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Lesbian feminism is a political and philosophical strand of feminism that emerged in the US, Canada, and Britain in the 1970s. It holds as central tenets that heterosexuality is the seat of patriarchal power; lesbianism is a political choice and not an essential identity; and lesbians occupy a unique and empowered position vis-a-vis sexism and patriarchy because they do not rely on men for emotional, financial, or sexual attention and support. Lesbian feminism developed out of radical feminism and in reaction to sexism within gay liberation movements and homophobia within feminist movements of the 1960s. In response to Betty Friedan s 1970 characterization of lesbians as the ”lavender menace, lesbians began to advocate for recognition from feminist movements. Out of the ensuing debates, groups like the Washington, DC-based ”Furies formed. In ”The Woman Identified Woman (1970), the first political statement of the lesbian feminist movement, the New York Radicalesbians, originally known as ”Lavender Menace, argued that ”lesbian as an identity was not just a sexual object choice, but rather a chosen identity.
Approaching lesbian as a political identity, not just a sexual one, required a radical redefinition. In ”Compulsory heterosexuality and lesbian existence, Adrienne Rich (1980) argued that sexuality was a socially constructed tool of patriarchy. She asserted that there was a lesbian continuum that opened up space for all women to be lesbians, including women who identified themselves sexually, spiritually, emotionally, or politically with other women, and that this was the cornerstone of dismantling patriarchy. Two related but distinct branches of lesbian feminism emerged in the 1970s. Cultural feminists argued that the creation of counter-institutions (such as women s bookstores and music labels) was a way to resist the sexism implicit in dominant institutions. The other branch that emerged – lesbian separatism -took this a step further and argued for a complete withdrawal from men and male-dominated institutions in order to effect significant social change.
Many scholars like Adrienne Rich, Charlotte Bunch, and Lillian Faderman merged academic theorizing and lesbian feminist ideology in the late 1970s and early 1980s, providing gendered critiques of heterosexuality and patriarchy. For women of color and poor women who experienced gender, class, and race as interconnected identities and oppressions, however, lesbian feminism s emphasis on an essential shared womanhood erased and invalidated their experiences. More recently, notions of essential womanhood (and exclusion based on this) have also been challenged by trans-gender communities, which continue to argue for a place within lesbian feminist and separatist spaces like Michigan Women s Music Festival. The emergence of queer theory in the 1990s, characterized by the theoretical decentering of identity, has led to a dismissal of much of lesbian feminist research as outdated. As many feminists have argued, however, that identity politics have been and continue to be central to lesbian and feminist organizing. Despite these criticisms, lesbian feminism continues to influence contemporary feminist and lesbian movements and many of the institutions founded in the 1970s and 1980s by lesbian feminist communities continue to thrive.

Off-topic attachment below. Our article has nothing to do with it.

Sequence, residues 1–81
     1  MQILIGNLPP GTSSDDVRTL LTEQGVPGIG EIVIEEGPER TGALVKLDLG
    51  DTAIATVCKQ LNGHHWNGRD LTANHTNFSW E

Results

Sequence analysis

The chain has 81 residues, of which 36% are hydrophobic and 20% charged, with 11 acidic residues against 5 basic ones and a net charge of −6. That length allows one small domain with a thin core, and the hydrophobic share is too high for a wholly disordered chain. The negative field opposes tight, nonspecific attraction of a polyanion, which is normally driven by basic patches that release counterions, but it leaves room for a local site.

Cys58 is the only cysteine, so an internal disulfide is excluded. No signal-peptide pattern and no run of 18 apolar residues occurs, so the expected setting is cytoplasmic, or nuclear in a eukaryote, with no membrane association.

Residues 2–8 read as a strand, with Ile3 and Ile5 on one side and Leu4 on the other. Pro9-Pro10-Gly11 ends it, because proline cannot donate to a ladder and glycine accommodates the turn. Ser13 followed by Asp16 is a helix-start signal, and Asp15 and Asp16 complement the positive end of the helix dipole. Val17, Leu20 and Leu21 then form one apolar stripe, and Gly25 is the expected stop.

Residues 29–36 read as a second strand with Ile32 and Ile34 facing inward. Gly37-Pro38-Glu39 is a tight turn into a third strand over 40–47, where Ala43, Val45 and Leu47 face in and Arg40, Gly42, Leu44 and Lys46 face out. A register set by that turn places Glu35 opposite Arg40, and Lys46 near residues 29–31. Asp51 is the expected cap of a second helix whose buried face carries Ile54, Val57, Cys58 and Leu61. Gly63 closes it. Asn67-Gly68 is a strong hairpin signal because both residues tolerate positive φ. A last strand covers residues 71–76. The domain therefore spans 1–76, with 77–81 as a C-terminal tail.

- Johnston, J. (1973) Lesbian Nation: The Feminist Solution. Simon & Schuster, New York.
- Rich, A. (1980) Compulsory heterosexuality and lesbian existence. Signs: Journal of Women in Culture and Society 5 (4): 631-60.
- Staggenborg, S., Eder, D. & Sudderth, L. (1995) The National Women s Music Festival: collective identity and diversity in a lesbian-feminist community. Journal of Contemporary Ethnography 23 (4): 485-515.